Factsheet for case GB-2020-13/521 – Updated – measures in United Kingdom
|Country||United Kingdom , applies nationwide|
|Time period||Temporary, 23 March 2020 – 23 March 2026|
|Type||Legislations or other statutory regulations|
Supporting businesses to stay afloat
– Access to finance
|Author||Claire Evans (Warwick University) and Eurofound|
|Case created||12 April 2020 (updated 04 January 2021)|
|Related ERM support instrument|
As part of the Budget 2020 package, the Government announced that it would provide a new Coronavirus Business Interruption Loan Scheme (CBILS) to both SMEs and large companies (see separate case). Loans were initially due to be worth up to GBP1.2m to support SMEs. On 17 March, this was increased to GPB5 million. The government will provide lenders with a guarantee of 80% on each loan. The Government has also said the first 12 months of the loan would be offered interest free, with Government meeting the cost of those interest payments. Initially, the interest free period was due to last 6 months. The scheme went live on 23 March 2020.
The background regulation is the Coronavirus Act 2020, emergency legislation which received Royal Assent on the 25 March after having been fast-tracked through Parliament in just four days.
This temporary scheme aims to allow small and medium businesses across the UK with an annual turnover of up to GBP 45 million, which are experiencing lost or deferred revenues to access loans, overdrafts, invoice finance and asset finance of up to GBP 5 million for up to 6 years. The government will also make a Business Interruption Payment to cover the first 12 months of interest payments and any lender-levied fees. This means smaller businesses will benefit from no upfront costs and lower initial repayments. The government will provide lenders with a guarantee of 80% on each loan (subject to pre-lender cap on claims) to give lenders further confidence in continuing to provide finance to SMEs. The scheme is delivered through commercial lenders, backed by the government-owned British Business Bank. There are 40 accredited lenders able to offer the scheme, including all the major banks, as well as challenger banks, asset-based lenders and smaller specialist local lenders.
A business is eligible if:
To access the scheme, businesses should approach their own provider – ideally via the lender’s website. They may also consider approaching other lenders if they are unable to access the finance they need. Decision-making on eligibility for CBILS is fully delegated to the accredited CBILS lenders. On 25 March, the Chancellor, Governor of the Bank of England, and CEO of the Financial Conduct Authority together wrote to Britain’s banking sector with a warning not to allow fundamentally viable companies to collapse because of the coronavirus crisis.
Finance terms are up to six years for term loans and asset finance facilities. For overdrafts and invoice finance facilities, terms will be up to three years. The borrower always remains 100% liable for the debt.
At the discretion of the lender, the scheme may be used for unsecured lending for facilities of GBP 250,000 and under. Initially, the eligibility criteria stated that for facilities above GBP 250,000, the lender must establish a lack or absence of security prior to businesses using CBILS. It also stated that if the lender could offer finance on normal commercial terms without the need to make use of the scheme, they should do so.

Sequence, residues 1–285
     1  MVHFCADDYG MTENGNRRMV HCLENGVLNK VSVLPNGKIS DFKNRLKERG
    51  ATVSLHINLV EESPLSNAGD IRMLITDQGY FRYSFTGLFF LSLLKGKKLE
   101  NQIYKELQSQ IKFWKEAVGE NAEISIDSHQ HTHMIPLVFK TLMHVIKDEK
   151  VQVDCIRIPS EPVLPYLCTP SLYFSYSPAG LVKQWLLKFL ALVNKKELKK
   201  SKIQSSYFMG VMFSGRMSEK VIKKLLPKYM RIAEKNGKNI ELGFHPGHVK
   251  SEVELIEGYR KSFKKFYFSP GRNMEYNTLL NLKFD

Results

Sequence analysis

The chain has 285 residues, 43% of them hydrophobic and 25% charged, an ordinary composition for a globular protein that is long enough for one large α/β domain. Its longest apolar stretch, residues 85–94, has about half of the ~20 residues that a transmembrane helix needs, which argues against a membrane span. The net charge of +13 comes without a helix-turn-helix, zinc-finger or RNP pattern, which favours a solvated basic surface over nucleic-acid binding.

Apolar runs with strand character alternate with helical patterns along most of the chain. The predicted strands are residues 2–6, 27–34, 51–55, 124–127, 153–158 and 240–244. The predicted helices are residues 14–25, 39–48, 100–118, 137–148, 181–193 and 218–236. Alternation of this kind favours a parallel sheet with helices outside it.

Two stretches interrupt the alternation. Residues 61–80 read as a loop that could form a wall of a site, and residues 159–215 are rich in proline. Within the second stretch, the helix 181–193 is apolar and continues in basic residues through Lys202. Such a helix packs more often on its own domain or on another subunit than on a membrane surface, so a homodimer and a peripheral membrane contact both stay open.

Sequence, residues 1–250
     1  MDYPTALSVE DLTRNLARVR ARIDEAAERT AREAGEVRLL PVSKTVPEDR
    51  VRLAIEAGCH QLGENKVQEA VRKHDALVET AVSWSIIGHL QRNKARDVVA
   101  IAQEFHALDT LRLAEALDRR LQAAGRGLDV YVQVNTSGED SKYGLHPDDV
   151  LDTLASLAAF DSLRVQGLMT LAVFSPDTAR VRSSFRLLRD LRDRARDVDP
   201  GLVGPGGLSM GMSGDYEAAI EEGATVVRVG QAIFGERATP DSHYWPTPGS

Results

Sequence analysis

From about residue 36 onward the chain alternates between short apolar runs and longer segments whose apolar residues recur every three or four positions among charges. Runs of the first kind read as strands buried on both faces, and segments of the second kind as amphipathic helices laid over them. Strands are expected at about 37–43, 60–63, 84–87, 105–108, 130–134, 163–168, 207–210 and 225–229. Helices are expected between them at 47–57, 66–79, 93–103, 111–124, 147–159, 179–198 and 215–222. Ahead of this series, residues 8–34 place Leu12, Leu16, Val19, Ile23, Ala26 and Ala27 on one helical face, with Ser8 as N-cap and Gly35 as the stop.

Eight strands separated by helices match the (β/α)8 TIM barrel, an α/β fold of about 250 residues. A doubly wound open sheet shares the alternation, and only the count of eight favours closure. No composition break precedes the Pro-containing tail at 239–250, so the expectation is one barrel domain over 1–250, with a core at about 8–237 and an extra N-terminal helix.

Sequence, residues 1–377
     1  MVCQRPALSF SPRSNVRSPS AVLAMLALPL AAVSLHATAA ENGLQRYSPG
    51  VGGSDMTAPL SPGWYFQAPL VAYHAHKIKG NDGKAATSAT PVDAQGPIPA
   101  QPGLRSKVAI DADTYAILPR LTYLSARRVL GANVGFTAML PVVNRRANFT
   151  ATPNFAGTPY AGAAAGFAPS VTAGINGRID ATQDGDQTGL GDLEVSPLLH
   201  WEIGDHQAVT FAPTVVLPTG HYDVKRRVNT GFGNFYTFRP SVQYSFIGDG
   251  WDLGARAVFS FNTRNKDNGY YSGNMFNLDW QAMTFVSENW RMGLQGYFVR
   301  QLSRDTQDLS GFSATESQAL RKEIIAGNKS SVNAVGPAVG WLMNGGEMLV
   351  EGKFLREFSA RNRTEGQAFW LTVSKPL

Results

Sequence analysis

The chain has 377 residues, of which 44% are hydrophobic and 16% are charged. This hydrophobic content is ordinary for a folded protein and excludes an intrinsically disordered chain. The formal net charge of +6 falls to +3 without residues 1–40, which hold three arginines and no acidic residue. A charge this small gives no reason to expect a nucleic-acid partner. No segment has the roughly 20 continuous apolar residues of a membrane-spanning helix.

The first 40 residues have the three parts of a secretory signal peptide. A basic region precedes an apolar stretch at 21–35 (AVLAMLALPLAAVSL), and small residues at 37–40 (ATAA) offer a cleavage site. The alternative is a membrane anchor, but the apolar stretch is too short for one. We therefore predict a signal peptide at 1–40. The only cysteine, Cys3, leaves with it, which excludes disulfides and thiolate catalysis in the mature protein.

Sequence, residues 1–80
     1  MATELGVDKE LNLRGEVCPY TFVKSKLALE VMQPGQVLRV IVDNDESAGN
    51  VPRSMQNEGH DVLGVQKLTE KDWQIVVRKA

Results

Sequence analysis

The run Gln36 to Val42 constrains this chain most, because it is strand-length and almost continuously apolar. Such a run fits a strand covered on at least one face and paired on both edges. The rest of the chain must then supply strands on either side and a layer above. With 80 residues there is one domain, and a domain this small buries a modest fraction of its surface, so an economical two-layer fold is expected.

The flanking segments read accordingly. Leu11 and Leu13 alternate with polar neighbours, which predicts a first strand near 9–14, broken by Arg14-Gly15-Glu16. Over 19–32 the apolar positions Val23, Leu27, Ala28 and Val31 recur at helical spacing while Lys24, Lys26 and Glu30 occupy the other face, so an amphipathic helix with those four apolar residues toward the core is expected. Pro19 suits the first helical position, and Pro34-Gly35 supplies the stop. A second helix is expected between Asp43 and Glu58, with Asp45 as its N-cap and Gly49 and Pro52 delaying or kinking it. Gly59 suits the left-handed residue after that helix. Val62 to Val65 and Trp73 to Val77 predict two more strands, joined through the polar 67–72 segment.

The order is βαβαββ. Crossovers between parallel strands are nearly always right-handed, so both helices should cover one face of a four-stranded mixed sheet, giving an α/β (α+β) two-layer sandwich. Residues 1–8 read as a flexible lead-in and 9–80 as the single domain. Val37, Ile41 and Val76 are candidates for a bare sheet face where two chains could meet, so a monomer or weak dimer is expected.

However, these were changed as the scheme progressed. Thus, on the 2 April 2020, the Government made changes to the scheme, namely:
The Government announced that these changes should be retrospectively applied by lenders for any CBILS facilities offered since 23 March 2020. For any commercial (non-CBILS) facilities offered since the same date, providing the borrower meets the CBILS eligibility criteria, lenders have been asked to bring these facilities onto CBILS wherever possible (e.g. where the lender is accredited to offer the same facility through CBILS) and changes retrospectively applied as necessary.
By the 19 July (the latest available data), the CBILS had received a total of 112,212 applications (this figure includes approved applications, applications that are still to be processed, applications that have been declined or turn out not to be eligible as well as withdrawn applications, where borrowers decide not to proceed). This number also includes a number of applications that have subsequently been converted to applications for the Bounce Back Loan Scheme (BBLS scheme) - see the specific case for this new initiative . The number of facilities/loans approved by the 19 July was 55,674 with a value of GBP 12.20 billion (HM Treasury, 2020).
By the 20 September (the latest available data), the number of facilities/loans approved under the scheme was 66,585 with a value of GBP 15.4 billion (HM Treasury, 2020).
|Does not apply to workers||
||Does not apply to citizens|
Social partners' role in designing the measure and form of involvement:
|Trade unions||Employers' organisations|
|Form||Not applicable||Direct consultation outside a formal body|
Social partners' role in the implementation, monitoring and assessment phase:
The social partners were informed about the raft of measures at the inception of the crisis; however, they were not formally involved in the design, implementation or monitoring of the measure.
Assume that there was discussion/consultation with the small business associations, There was discussion with the banking and finance industry.
Eurofound (2020), Coronavirus business interruption loan scheme for SMEs, case GB-2020-13/521 (measures in United Kingdom), COVID-19 EU PolicyWatch, Dublin, http://eurofound.link/covid19eupolicywatch
Disclaimer: This information has not been subject to the full Eurofound evaluation, editorial and publication process. All information is preliminary and subject to change.